The Five Prisoners
Originally, Harrowstone housed only local criminals, but as the prison’s fame spread, other counties and distant lands began paying to have more dangerous criminals housed within this prison’s walls. At the time of the great Harrowstone Fire, the number of particularly violent or dangerous criminals imprisoned within the dungeons below was at an all-time high.
The five most notorious prisoners in Harrowstone at the time of the great fire were Father Charlatan, the Lopper, the Mosswater Marauder, the Piper of Illlmarsh, and the Splatter Man.
You are hereby sentenced to live the remainder of your short life in Harrowstone, which, I hasten to add, is a blessing compared to the extent of your crimes and the suffering of your victims. There you will reside in the misery of your thoughts until such time as you are drawn, hanged, and quartered. May the gods have no mercy on your blighted soul.
—The final sentencing of Vance Saetressle (“The Lopper”) in 4661 ar by Jurisdeclaris Axenris the Third.
Vance Saetressle, aka The Lopper – When the Lopper stalked prey, he would hide in the most unlikely of places, sometimes for days upon end with only a few supplies to keep him going while he waited for the exact right moment to strike. Once his target was alone, the Lopper would emerge to savagely behead his victim with a handaxe.
Hean Feramin, aka The Splatter Man – Professor Feramin was a celebrated scholar of Anthroponomastics (the study of personal names and their origins) at the Quartrefaux Archives in Caliphas. Yet an accidental association with a succubus twisted and warped his study, turning it into an obsession. Feramin became obsessed with the power of a name and how he could use it to terrify and control. Soon enough, his reputation was ruined, he’d lost his tenure, and he’d developed an uncontrollable obsession with an imaginary link between a person’s name and what happens to that name when the person dies. Every few days, he would secretly arrange for his victim to find a letter from her name written in blood, perhaps smeared on a wall or spelled out with carefully arranged entrails. Once he had spelled his victim’s name, he would at last come for her, killing her in a gory mess using a complex trap or series of rigged events meant to look like an accident.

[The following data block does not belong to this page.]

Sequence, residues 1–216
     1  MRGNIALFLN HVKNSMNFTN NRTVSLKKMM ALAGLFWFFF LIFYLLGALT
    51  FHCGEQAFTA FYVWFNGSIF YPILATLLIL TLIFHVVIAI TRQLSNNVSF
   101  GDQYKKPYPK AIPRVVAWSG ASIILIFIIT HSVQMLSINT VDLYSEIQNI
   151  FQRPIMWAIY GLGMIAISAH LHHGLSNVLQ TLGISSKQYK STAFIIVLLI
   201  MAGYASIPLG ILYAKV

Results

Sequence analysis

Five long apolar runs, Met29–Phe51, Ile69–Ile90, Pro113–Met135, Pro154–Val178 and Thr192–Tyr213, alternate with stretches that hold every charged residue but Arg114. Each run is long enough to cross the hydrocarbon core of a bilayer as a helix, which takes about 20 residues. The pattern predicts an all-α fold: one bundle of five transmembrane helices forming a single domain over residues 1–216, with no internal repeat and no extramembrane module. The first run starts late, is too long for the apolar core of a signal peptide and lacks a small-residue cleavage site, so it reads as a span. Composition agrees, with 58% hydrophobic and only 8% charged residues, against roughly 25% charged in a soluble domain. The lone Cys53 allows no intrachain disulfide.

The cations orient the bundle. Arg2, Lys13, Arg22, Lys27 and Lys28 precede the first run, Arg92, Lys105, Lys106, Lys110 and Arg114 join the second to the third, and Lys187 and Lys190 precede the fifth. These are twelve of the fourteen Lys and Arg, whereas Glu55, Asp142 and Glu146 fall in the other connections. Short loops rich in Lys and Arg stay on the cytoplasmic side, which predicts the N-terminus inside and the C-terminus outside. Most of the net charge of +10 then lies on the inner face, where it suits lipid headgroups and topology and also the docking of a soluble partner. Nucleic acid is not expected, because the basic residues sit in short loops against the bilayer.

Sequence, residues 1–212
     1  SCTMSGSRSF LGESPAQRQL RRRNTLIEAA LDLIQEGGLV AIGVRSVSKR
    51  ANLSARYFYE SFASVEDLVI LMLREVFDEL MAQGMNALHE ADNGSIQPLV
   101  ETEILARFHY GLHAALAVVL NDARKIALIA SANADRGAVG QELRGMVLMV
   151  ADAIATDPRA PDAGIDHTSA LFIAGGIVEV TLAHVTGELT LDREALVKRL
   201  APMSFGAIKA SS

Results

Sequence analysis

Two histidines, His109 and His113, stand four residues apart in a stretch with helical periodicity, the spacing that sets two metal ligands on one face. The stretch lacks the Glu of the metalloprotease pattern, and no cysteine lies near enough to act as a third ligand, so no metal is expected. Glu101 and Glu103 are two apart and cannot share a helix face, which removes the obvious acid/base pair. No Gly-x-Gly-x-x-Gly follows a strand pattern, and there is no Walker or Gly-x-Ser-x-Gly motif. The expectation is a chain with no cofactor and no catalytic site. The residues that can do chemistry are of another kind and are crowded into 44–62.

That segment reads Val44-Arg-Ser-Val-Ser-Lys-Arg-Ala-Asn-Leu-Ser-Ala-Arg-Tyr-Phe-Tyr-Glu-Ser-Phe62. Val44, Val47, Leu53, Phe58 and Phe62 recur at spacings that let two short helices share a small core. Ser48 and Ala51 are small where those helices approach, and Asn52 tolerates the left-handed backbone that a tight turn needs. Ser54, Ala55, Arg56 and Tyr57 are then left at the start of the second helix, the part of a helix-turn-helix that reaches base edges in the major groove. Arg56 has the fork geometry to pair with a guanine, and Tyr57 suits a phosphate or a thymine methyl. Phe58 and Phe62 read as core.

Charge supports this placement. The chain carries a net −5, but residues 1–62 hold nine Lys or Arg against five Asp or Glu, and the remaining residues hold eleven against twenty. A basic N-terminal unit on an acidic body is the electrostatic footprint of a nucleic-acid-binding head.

The Piper of Illmarsh, real name unknown – Before he snatched his victims, the Piper taunted his targets with a mournful dirge on his flute. He preferred to paralyze lone victims by dosing their meals with lich dust and then allowed his pet stirges to drink the victims dry of blood. Whether he was an academic who studied stirges too much, or a swamp rat who somehow befriended the strange creatures will never be known. He spoke no word at his capture or trial. He only whistled an unsettling tune over and over until the court ordered him to be silenced.
Ispin Onyxcudegel, aka the Mosswater Marauder – Only 5 years before his hometown of Mosswater was destined to be overrun and ruined by monsters from the nearby river, Ispin Onyxcudgel was a well-liked artisan and a doting husband. When he discovered his wife’s infidelity, he f lew into a jealous rage and struck her dead with his hammer, shattering her skull and his sanity with one murderous blow. Wracked with shame and guilt, Ispin became convinced that if he could rebuild his wife’s skull she would come back to life—but unfortunately, he could not find the last blade-shaped fragment from the murder site. So instead, Ispin became the Mosswater Marauder. Over the course of several weeks, the cunning dwarf stalked and murdered nearly 20 people while searching for just the right skull fragment. He was captured just before murdering the daughter of a visiting nobleman from Varno, and was carted off to Harrowstone that same night.
Sefick Corvin, aka Father Charlatan – Of the five notorious prisoners, only Father Charlatan was not technically a murderer, yet his crimes were so blasphemous that several churches demanded he be punished to the full extent of Ustalavic law. Although he claimed to be an ordained priest of any number of faiths, Father Corvin was in fact a traveling con artist who used faith as a mask and a means to bilk the faithful out of money in payment for false miracles or cures. He became known as Father Charlatan after his scheme was exposed and his Sczarni accomplices murdered a half-dozen city guards in an attempt to make good the group’s escape.